# How do you differentiate 5cos (2x)+ tan(3x+4)?

Jun 2, 2015

Let $f \left(u \left(x\right)\right) = 5 \cos \left(2 x\right) + \tan \left(3 x + 4\right)$.

For this, you would have to remember the following two derivatives:

$\left(\frac{d}{\mathrm{dx}}\right) \left[\cos u\right] = - \sin u \frac{\mathrm{du} \left(x\right)}{\mathrm{dx}}$
$\left(\frac{d}{\mathrm{dx}}\right) \left[\tan u\right] = {\sec}^{2} u \frac{\mathrm{du} \left(x\right)}{\mathrm{dx}}$

since as you can see, $\frac{\mathrm{df} \left(u \left(x\right)\right)}{\mathrm{dx}} = \frac{\mathrm{df} \left(u \left(x\right)\right)}{\cancel{\mathrm{du} \left(x\right)}} \cdot \frac{\cancel{\mathrm{du} \left(x\right)}}{\mathrm{dx}}$

where $u \left(x\right) = 2 x$ or $u \left(x\right) = 3 x + 4$, in this case, for example. That just explains why the chain rule works how it works.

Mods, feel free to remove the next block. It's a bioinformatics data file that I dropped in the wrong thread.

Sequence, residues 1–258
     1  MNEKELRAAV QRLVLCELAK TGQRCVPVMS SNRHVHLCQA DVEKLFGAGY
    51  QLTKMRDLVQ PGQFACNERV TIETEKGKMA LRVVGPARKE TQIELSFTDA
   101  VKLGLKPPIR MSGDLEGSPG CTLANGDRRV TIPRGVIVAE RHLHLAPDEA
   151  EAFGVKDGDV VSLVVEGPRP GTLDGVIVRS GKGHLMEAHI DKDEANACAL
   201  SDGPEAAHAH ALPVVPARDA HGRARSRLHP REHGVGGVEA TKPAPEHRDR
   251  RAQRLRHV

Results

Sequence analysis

So, we get:

$\left(\frac{d}{\mathrm{dx}}\right) \left[5 \cos \left(2 x\right) + \tan \left(3 x + 4\right)\right]$

$= 5 \cdot - \sin \left(2 x\right) \cdot 2 + {\sec}^{2} \left(3 x + 4\right) \cdot 3$

$= - 10 \sin \left(2 x\right) + 3 {\sec}^{2} \left(3 x + 4\right)$

Other ways you might see the chain rule:

In "prime" notation:

$\left[f \left(u \left(x\right)\right)\right] ' = f ' \left(u \left(x\right)\right) \cdot u ' \left(x\right)$

or in "function composition" notation:

$\left[f \left(x\right) \circ u \left(x\right)\right] ' = \left[f ' \left(x\right) \circ u \left(x\right)\right] \cdot u ' \left(x\right)$

Jun 2, 2015

I would use the Chain Rule in both terms as:
$y ' = - 5 \sin \left(2 x\right) \cdot 2 + \frac{1}{{\cos}^{2} \left(3 x + 4\right)} \cdot 3 =$
$= - 10 \sin \left(2 x\right) + \frac{3}{{\cos}^{2} \left(3 x + 4\right)}$

Where the Chain Rule allows you to derive $y = f \left(g \left(x\right)\right)$ as:
$y ' = f ' \left(g \left(x\right)\right) \cdot g ' \left(x\right)$